the HAES® files: WHAT’S MISSING? Promoting Health at the Workplace (Part II)

by Health At Every Size® Blog

by Jon Robison, PhD

In the first part of this 3-part series, we traced the roots of our traditional approach to health promotion and health promotion at the workplace as they evolved out of the 17th century worldview of the Scientific Revolution according to which: 1) the Universe and everything in it are conceptualized as machines; 2) understanding these machines can only be accomplished by analyzing them (reducing them to their constituent parts); and 3) a biomedical (fix the machine) model explains what we need to know about health. We also mentioned that this worldview held the values of competition, aggression and especially control in very high regard.

Accordingly, traditional approaches to promoting health have generally been about:

  1. Reducing, measuring and quantifying health (using mostly physiological risk factors);
  2. Scaring, cajoling, pressuring and persuading (and shaming when deemed necessary);
  3. Employing behavior modification techniques; and
  4. Getting people to change.

I have bolded the term getting above because the desire for control and manipulation has unfortunately become a mainstay of traditional approaches to promoting health.  As a widely utilized Health Education Textbook of the 1990’s described it:

“As science and technology advance, the least conquered force of nature remains the human being and his actions.”

It is important to understand that it makes perfect sense that this is the approach to health promotion that emerged from The Mechanistic worldview and the Biomedical Model. The problem is that this 400 plus-year-old worldview is outdated, leaving us with an understanding and an approach to health that is similarly lacking.

For instance, we now know that the two separate universes envisioned in the Mechanistic Worldview are, in fact, one; what happens in the mind is inextricably interconnected with what happens in the body and vice versa. We only have to examine the rich literature on placebo and nocebo phenomenon to know this to be true. (See Part I, Part II, and Part III of my series of blog posts on placebo and nocebo.) Furthermore, the idea that we can make people healthier by scaring and shaming them is simply not supported by the literature – certainly the dismal failure of weight loss interventions is the ultimate testament to that.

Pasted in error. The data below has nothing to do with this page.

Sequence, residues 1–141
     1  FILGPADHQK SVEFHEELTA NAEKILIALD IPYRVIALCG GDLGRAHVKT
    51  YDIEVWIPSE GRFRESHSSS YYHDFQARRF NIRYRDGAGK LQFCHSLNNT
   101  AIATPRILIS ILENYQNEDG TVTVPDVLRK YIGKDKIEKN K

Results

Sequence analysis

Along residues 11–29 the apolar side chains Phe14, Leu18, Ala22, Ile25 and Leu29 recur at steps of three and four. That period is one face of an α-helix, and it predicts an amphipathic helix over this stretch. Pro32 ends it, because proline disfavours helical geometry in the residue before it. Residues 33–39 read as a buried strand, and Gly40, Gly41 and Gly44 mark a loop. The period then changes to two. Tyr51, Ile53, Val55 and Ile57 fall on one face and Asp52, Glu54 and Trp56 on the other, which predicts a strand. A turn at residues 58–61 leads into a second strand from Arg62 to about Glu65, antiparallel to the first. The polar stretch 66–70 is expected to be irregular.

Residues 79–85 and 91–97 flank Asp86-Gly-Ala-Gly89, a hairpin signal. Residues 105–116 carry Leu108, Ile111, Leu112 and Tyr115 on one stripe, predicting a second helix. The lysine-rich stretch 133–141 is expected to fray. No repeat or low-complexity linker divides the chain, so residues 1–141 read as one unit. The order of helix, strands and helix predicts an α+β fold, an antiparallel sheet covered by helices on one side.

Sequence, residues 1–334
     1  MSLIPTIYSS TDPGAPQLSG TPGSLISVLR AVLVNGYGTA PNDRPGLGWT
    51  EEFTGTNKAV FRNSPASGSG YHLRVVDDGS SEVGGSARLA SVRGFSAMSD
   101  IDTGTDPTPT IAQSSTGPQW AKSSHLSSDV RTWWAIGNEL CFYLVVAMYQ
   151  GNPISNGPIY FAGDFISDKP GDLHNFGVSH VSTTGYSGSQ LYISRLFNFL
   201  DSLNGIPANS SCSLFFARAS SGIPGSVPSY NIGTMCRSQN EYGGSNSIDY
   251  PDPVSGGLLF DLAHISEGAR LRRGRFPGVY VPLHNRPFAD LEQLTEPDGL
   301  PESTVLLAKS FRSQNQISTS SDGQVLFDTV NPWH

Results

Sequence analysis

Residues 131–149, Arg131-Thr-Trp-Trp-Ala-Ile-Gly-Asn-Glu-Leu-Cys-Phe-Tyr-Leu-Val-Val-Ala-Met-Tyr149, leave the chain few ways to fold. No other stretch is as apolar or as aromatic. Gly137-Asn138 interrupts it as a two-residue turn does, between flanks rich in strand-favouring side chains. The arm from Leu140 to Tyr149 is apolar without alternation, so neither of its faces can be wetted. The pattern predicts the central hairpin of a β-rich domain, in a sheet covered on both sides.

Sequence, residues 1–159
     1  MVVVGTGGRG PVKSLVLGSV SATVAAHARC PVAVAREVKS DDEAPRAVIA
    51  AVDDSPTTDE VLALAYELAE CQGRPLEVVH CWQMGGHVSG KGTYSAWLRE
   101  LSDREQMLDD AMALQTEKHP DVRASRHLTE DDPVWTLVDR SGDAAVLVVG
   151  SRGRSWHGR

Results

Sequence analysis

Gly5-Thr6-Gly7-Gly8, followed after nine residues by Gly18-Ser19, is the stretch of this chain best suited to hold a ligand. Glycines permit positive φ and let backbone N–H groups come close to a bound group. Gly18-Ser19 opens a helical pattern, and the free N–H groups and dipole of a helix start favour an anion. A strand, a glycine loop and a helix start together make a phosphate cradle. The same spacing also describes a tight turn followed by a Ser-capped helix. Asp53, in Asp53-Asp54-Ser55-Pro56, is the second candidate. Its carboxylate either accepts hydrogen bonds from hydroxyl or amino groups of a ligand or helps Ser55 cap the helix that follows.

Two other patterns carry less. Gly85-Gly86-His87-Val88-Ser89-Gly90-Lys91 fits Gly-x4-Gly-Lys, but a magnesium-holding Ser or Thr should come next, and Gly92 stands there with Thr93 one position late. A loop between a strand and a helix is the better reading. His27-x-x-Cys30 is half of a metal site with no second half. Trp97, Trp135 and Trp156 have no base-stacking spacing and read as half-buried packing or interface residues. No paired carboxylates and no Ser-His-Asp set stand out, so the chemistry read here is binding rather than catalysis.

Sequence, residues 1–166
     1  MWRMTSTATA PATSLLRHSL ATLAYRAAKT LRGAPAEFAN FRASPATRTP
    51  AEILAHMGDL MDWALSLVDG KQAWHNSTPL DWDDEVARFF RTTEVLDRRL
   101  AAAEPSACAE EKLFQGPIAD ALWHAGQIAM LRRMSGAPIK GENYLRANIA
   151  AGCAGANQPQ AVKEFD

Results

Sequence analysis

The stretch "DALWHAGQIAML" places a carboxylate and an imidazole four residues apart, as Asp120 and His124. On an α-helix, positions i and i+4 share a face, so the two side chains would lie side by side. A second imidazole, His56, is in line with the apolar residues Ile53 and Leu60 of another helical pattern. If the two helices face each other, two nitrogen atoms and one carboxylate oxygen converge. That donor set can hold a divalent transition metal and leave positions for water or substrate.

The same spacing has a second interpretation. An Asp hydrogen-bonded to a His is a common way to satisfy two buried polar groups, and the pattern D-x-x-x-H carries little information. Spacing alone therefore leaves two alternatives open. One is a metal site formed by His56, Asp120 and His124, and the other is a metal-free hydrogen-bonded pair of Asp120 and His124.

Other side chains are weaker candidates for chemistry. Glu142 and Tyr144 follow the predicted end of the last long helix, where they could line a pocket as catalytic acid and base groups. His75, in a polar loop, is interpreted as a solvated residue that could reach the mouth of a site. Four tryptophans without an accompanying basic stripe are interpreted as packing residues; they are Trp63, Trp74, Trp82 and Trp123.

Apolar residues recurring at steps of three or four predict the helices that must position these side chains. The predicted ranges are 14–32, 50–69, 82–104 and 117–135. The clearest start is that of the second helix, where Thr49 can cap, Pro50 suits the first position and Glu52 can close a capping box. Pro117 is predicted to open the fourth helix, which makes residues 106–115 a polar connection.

Then there is the use of externally applied behavior change techniques to coerce people into doing what they don’t necessarily want to do. I mentioned the originator of these techniques—B.F. Skinner—in a previous post. The application of Skinnerian behavior modification in the form of contingent incentives to get people to change is ubiquitous in our culture; from grades in school, to bribing kids to eat their broccoli by promising them ice cream, to rewarding productivity at the work site. As for health promotion; rewards, incentives, contracts, contests and competitions continue to be at the core of the vast majority of programs. Ironically, though the Skinnerian approach to motivation is rarely questioned, decades of research substantiates that rewarding people in this manner retards learning, suppresses creativity, inhibits productivity and reduces internal motivation. (see Alfie Kohn, Punished by Rewards).

Finally, there is the ultimate goal of “getting people to change.” Make no mistake about it. Health promotion experts are clear about their intentions. Incentives are about:

“…getting people to do things they would not otherwise do. Like it or not, people frequently don’t do what will help them stay healthy and live longer. Changing this situation is what wellness is fundamentally about.”

And by using incentives, practitioners can:

“Jar the attention of someone in precontemplation and force them to at least think about improving their health.”

So, there we have it. We can now go back to Joanna’s original comments concerning her fears about focusing on health (not just weight) at the workplace. She asked, “does anyone really think that governments and employers, in our deeply healthiest culture, will not abuse the power given them?” Well, I think it is a good question, and the answer, in my opinion is that we should not assume the power will not be abused. In fact, I would argue that it has been and is being abused. Here, for example, is a short list of really, really creepy things organizations are doing in the name of wellness.

Clarion Health Partners – docking pay up to $30 every 2 weeks unless employees meet cholesterol and blood pressure guidelines

United Healthcare – $5,000 v. $1,000 deductibles for smoking or obese individuals

Wal-Mart – $2,500 v. $500 deductible if height/weight standards are not met

LL Bean – “twinkie tax” on fatty foods

Weyco – tobacco use testing for all employees and spouses

WellPoint, Inc. – 5% of bonus pay linked to a 20-point health index

Oh yes, and there is Dr. Delos Cosgrove, Chief Executive Officer of the Cleveland Clinic, who won accolades a few years ago for his decision not to hire smokers, who stated that “if it were up to him, if there weren’t legal issues, he would not only stop hiring smokers, he would also stop hiring obese people.”